All batteries, regardless of type, should be kept tightly secured by a battery hold-down device. If this is not done, battery acid can leak out, making it discharge faster and leaking corrosive acid can eat away components under the hood. A battery that is not maintenance free must be checked periodically for electrolyte level. You cannot add water to a maintenance free battery, but it must also be checked for proper electrolyte level as indicated by the color of the "eye". Keep the top of the battery clean, as a film of dirt can sometimes completely discharge a battery that is not used for long periods. A solution of baking soda and water may be used for cleaning, but be careful to flush this off with clear water. DO NOT let any of the solution into the filler holes. Baking soda neutralizes battery acid and will de-activate a battery cell.
See Figure 1
Check the battery electrolyte level at least once a month, or more often in hot weather or during periods of extended vehicle operation. On non-maintenance free batteries, the level can be checked through the case on translucent batteries; the cell caps must be removed on other models. The electrolyte level in each cell should be kept filled to the split ring inside, or the line marked on the outside of the case.
If the level is low, add only distilled water through the opening until the level is correct. Each cell is completely separate from the others, so each must be checked and filled individually.
If water is added in freezing weather, the vehicle should be driven several miles to allow the water to mix with the electrolyte. Otherwise, the battery could freeze.
The electrolyte level on maintenance-free batteries is indicated by the color of the "eye", usually found on top of the battery. If this indicator appears to be clear or pale yellow in color, the battery should be replaced.
See Figures 2, 3, 4 and 5
Once a year (or as necessary), the battery terminals and the cable clamps should be cleaned. Loosen the clamps and remove the cables, negative cable first. On batteries with posts on top, the use of a puller specially made for the purpose is recommended. These are inexpensive, and available in auto parts stores. Side terminal battery cables are secured with a small bolt.
Clean the cable clamps and the battery terminal with a wire brush, until all corrosion, grease, etc., is removed and the metal is shiny. It is especially important to clean the inside of the clamp (an old knife is useful here) thoroughly, since a small deposit of foreign material or oxidation there will prevent a sound electrical connection and inhibit either starting or charging. Special tools are available for cleaning these parts, one type for conventional top post batteries and another type for side terminal batteries.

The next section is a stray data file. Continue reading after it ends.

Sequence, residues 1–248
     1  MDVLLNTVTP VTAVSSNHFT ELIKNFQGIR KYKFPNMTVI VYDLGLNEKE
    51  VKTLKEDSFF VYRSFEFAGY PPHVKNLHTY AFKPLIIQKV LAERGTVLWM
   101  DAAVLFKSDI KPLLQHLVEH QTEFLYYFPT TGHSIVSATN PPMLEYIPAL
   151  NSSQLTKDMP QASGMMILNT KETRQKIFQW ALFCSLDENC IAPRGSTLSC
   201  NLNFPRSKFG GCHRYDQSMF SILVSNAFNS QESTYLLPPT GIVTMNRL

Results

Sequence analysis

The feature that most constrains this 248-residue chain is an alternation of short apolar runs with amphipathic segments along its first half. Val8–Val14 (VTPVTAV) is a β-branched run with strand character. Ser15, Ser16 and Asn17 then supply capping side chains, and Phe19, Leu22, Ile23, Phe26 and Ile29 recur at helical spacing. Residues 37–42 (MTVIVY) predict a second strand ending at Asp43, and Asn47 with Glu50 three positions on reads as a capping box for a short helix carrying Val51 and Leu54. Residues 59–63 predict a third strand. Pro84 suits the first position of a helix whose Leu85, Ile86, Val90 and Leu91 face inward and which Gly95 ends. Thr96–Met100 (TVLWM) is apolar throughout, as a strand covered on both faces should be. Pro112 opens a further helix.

Before installing the cables, loosen the battery hold-down clamp or strap, remove the battery and check the battery tray. Clear it of any debris, and check it for soundness (battery tray can be cleaned with baking soda and water solution). Rust should be wire brushed away, and the metal given a couple coats of anti-rust paint. Install the battery and tighten the hold-down clamp or strap securely. Do not overtighten, as this can crack the battery case.
After the clamps and terminals are clean, reinstall the cables, negative cable last; DO NOT hammer on the clamps to install. Tighten the clamps securely, but do not distort them. Give the clamps and terminals a thin external coat of grease after installation, to retard corrosion.
Check the cables at the same time that the terminals are cleaned. If the cable insulation is cracked or broken, or if the ends are frayed, the cable should be replaced with a new cable of the same length and gauge.
See Figures 6 and 7
At least once a year, check the specific gravity of the battery. It should be between 1.20 and 1.26 in. Hg at room temperature. This test cannot be performed on maintenance free batteries in the usual way, instead the built-in indicator must be used.
The specific gravity of non-sealed (not maintenance free) batteries can be checked with the use of a hydrometer, an inexpensive instrument available from many sources, including auto parts stores. The hydrometer has squeeze bulb at one end and a nozzle at the other. Battery electrolyte is sucked into the hydrometer until the float is lifted from its seat. The specific gravity is then read by noting the position of the float. Generally, if after charging, the specific gravity between any two cells varies more than 50 points (0.50), the battery is bad and should be replaced.
It is not possible to check the specific gravity in this manner on sealed (maintenance free) batteries. Instead, the indicator built into the top of the case must be relied on to display any signs of battery deterioration. If the indicator is dark with a green (or similar color) dot in the center, the battery can be assumed to be OK. If the indicator is dark with no dot in the center, the specific gravity is low, and the battery should be charged or replaced.